Photo: Flickr/Stephen Cobb
Policymakers working on regulating artificial intelligence say that there are far more pressing issues for lawmakers to look at than just the fictional doomsday from the Terminator movies, where a rogue weapons system declares nuclear war on humanity.
But also: They should probably nip the Terminator scenario in the bud while they’re at it.
A bipartisan group of members plan to introduce the Block Nuclear Launch by Autonomous Artificial Intelligence Act, which would reinforce existing Department of Defense policy by prohibiting any federal funds to be used to change policy around human involvement in the launch of nuclear weapons.
Reps. Ted Lieu, D-Calif., Don Beyer, D-Va. and Ken Buck, R-Colo. are leading the effort in the House. Sen. Ed Markey, D-Mass. will introduce a companion bill in the Senate.
“We know that the Department of Defense does have a classification of autonomous weapons that can launch automatically and we want to put into law that no matter how advanced AI gets, we will never let AI launch a nuclear weapon by itself automatically,” Lieu told Semafor.
They’re not the first to raise the issue. The National Security Commission of Artificial Intelligence, which was authorized by Congress to advise the government on related issues, recommended in their final report that the U.S. “clearly and publicly” affirm only humans can authorize the employment of nuclear weapons.
There are broader plans to regulate AI, and while members haven’t decided what that looks like just yet, there seems to be an appetite to prioritize national security.
The Department of Defense already has a policy that addresses human interaction in making decisions around the launch of nuclear weapons, but the desire to codify it signals that Congress is taking the technology more seriously as ChatGPT makes daily headlines..
Members are introducing the bill the same day that Speaker Kevin McCarthy and Minority Leader Hakeem Jeffries are convening a bipartisan briefing by MIT professors on AI.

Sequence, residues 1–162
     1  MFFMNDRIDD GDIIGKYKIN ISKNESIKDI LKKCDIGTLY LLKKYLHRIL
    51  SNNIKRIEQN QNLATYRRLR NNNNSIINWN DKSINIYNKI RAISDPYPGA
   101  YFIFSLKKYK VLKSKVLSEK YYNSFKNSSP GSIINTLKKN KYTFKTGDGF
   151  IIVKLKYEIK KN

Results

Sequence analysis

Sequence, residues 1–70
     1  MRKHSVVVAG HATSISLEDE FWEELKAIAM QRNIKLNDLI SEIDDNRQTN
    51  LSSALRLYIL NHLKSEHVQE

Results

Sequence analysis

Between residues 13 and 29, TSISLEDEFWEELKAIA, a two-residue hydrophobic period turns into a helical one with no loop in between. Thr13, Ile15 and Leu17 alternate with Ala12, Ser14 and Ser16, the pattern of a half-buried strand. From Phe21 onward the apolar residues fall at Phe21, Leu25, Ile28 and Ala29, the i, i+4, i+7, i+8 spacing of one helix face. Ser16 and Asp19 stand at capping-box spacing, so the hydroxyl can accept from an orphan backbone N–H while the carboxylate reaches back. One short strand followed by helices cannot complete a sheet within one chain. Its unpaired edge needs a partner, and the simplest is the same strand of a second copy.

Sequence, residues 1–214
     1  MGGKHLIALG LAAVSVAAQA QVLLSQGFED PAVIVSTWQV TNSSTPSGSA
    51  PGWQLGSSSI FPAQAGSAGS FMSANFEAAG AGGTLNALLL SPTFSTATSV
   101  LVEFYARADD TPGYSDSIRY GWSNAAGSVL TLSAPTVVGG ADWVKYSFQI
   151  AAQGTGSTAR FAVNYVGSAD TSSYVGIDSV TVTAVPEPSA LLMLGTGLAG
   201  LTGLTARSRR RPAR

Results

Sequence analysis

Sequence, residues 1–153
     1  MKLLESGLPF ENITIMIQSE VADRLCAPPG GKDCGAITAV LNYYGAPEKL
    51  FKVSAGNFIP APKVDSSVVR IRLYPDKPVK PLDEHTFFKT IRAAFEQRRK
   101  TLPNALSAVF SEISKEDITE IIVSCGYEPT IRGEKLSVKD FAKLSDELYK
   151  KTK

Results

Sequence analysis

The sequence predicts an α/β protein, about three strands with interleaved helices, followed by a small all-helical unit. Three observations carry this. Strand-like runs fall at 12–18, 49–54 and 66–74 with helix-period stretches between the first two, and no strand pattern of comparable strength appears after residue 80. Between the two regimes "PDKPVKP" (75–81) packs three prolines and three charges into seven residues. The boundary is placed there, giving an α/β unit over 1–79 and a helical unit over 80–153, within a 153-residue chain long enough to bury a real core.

“This bill is a part of my effort to be as forward looking as possible when it comes to AI and potentially catastrophic applications like nuclear weapons,” Lieu said. “We are still looking towards how best to regulate the industry in general but when it comes to nuclear war, we cannot wait. Humans always need to be a central part of the nuclear launch process.”
Room for Disagreement
Some industry experts worry that obsessing over Terminator-like scenarios is overtaking common sense when it comes to assessing AI risk. “The sky is not falling, and Skynet is not on the horizon,” Daniel Castro, director of the Center for Data Innovation at the industry-funded Information Technology and Innovation Foundation, said in a statement last month criticizing calls for a six-month pause on AI development.
- Rep. Ro Khanna, D-Calif. talked to Semafor’s Reed Albergotti this week about his work on AI issues in Congress, where he’s tried to encourage the industry’s growth while looking out for potential excesses to correct. “There has to be a balance,” Khanna said. “There was a reflexive celebration of tech without seeing its blind spots. Then the pendulum swung and there was no recognition of all the good that tech does.”